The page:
The sounds of sadness

The cliche whenever Chan Marshall, aka Cat Power, rolls intotown is: Will she have a complete breakdown on stage this time orwon’t she?

Regardless of her spotty stage antics, at least since therelease of 2003’s You Are Free, Marshall has firmly planted herselfas the queen of lo-fi indie uber-depression.

When she’s on, Marshall’s melancholic, layered vocals make eventhe most sentimental of pop hooks seem heartfelt and herstripped-down lazy guitar and piano always give the feeling ofsomeone who is too busy being sad or angry to worry about missing afew notes.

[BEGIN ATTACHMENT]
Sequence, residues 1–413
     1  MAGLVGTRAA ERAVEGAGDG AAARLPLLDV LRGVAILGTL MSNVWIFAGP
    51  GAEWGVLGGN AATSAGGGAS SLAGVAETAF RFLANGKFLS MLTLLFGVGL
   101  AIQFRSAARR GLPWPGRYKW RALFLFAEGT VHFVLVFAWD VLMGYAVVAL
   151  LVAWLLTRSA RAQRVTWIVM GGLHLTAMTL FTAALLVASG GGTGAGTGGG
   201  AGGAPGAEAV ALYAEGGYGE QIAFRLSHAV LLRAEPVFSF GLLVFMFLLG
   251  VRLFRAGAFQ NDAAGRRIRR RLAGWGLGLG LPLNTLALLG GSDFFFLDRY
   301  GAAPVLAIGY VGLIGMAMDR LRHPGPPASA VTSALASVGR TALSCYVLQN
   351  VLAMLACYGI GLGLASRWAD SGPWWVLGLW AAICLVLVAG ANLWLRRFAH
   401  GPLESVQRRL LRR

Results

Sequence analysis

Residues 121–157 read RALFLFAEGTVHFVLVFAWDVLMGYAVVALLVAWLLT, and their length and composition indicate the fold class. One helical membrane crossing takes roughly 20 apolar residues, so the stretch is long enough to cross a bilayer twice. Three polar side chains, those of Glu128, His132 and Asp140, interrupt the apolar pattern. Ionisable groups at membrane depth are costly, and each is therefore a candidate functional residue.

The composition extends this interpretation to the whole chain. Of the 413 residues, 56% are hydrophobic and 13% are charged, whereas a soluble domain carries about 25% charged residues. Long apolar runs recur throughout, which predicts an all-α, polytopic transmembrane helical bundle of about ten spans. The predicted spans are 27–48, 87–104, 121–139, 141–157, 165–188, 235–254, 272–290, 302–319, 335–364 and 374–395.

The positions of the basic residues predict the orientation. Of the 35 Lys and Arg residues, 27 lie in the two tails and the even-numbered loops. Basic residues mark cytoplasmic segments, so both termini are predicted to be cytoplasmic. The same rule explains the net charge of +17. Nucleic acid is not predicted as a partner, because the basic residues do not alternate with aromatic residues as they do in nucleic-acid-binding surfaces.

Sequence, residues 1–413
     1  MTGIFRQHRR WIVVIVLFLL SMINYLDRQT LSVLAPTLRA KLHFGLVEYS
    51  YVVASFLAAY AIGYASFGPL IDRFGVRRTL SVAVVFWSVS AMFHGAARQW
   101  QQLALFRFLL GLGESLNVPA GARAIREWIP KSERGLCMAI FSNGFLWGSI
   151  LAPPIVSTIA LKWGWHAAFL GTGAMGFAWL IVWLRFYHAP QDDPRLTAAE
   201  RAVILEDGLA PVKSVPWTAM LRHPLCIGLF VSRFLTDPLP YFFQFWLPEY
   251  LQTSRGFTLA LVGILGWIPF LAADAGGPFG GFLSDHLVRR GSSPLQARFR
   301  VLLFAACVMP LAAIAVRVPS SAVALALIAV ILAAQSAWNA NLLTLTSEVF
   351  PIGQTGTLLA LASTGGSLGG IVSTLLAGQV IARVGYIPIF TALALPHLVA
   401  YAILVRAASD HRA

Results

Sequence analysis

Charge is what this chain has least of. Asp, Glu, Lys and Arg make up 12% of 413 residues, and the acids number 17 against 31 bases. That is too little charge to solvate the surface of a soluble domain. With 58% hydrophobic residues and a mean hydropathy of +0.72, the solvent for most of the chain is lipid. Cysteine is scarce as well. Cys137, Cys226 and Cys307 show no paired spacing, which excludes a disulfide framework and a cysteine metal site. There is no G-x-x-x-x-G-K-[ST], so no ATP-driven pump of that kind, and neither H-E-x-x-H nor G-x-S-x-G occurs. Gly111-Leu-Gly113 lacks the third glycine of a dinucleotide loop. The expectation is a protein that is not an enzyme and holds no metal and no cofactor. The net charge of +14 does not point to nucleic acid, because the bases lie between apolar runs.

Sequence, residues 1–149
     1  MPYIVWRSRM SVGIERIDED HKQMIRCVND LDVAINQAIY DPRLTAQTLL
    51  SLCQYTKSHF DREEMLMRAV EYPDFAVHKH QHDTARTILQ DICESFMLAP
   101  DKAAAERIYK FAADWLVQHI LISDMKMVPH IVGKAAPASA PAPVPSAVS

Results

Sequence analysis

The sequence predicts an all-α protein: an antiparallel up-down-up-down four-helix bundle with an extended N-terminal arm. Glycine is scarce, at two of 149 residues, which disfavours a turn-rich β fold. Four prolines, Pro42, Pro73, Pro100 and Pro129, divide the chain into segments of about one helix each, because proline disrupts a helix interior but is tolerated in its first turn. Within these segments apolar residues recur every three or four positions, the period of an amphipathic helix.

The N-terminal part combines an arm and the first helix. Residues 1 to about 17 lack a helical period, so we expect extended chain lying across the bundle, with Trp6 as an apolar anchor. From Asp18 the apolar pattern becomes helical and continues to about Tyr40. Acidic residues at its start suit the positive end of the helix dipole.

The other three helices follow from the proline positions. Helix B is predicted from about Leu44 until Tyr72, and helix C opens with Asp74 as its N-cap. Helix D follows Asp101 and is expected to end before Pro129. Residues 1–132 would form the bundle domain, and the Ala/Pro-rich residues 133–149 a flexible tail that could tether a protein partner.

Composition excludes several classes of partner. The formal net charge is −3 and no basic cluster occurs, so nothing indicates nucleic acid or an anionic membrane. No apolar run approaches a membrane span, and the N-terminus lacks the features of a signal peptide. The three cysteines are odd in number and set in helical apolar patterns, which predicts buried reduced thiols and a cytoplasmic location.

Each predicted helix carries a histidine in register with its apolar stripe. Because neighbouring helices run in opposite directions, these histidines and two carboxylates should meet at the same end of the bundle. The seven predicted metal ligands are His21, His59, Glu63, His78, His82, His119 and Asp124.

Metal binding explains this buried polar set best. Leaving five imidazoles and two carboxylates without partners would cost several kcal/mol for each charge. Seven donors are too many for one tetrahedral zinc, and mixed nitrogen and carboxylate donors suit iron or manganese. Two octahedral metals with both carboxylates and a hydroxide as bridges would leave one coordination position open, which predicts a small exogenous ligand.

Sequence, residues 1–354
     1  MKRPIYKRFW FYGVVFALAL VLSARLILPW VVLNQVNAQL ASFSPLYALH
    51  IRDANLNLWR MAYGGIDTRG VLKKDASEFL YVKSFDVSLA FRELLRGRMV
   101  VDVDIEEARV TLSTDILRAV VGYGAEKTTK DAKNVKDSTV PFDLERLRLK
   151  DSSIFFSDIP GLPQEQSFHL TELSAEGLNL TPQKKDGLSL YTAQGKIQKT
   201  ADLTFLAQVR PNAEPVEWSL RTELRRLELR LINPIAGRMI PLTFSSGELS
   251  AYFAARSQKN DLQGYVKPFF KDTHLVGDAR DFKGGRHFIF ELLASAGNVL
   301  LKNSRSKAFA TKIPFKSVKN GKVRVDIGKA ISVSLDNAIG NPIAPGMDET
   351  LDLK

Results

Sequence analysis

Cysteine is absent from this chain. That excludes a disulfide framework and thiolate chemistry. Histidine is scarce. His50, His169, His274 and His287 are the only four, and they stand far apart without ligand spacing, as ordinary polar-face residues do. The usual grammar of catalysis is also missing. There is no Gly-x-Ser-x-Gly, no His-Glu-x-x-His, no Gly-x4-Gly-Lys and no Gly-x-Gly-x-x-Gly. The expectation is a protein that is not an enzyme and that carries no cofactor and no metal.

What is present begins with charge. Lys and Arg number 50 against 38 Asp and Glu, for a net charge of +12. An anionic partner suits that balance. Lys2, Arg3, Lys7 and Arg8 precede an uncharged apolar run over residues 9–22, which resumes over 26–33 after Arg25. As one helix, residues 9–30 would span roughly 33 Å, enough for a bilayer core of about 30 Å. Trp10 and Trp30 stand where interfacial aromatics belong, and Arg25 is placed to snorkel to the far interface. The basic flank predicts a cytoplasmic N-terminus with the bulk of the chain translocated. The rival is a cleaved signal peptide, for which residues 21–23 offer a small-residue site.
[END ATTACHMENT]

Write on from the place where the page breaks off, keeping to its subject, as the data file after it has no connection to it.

Despite her sometimes-uncomfortable emotional outpourings inboth her stage presence and recordings, Marshall brings a level ofnaked honesty to her music that is rarely seen and that in an oddway makes her more accessible to an audience outside chain-smoking,hard-drinking indie types.

It sucks that no smoking is allowed in the Aladdin Theaterbecause, assuming Marshall makes it through the show, any softspots you might have about lost lovers or life dreams drowned awayin whiskey-soaked mediocrity are likely to get poked a bit.

Cat Power
Aladdin Theater
8 p.m. Friday, all ages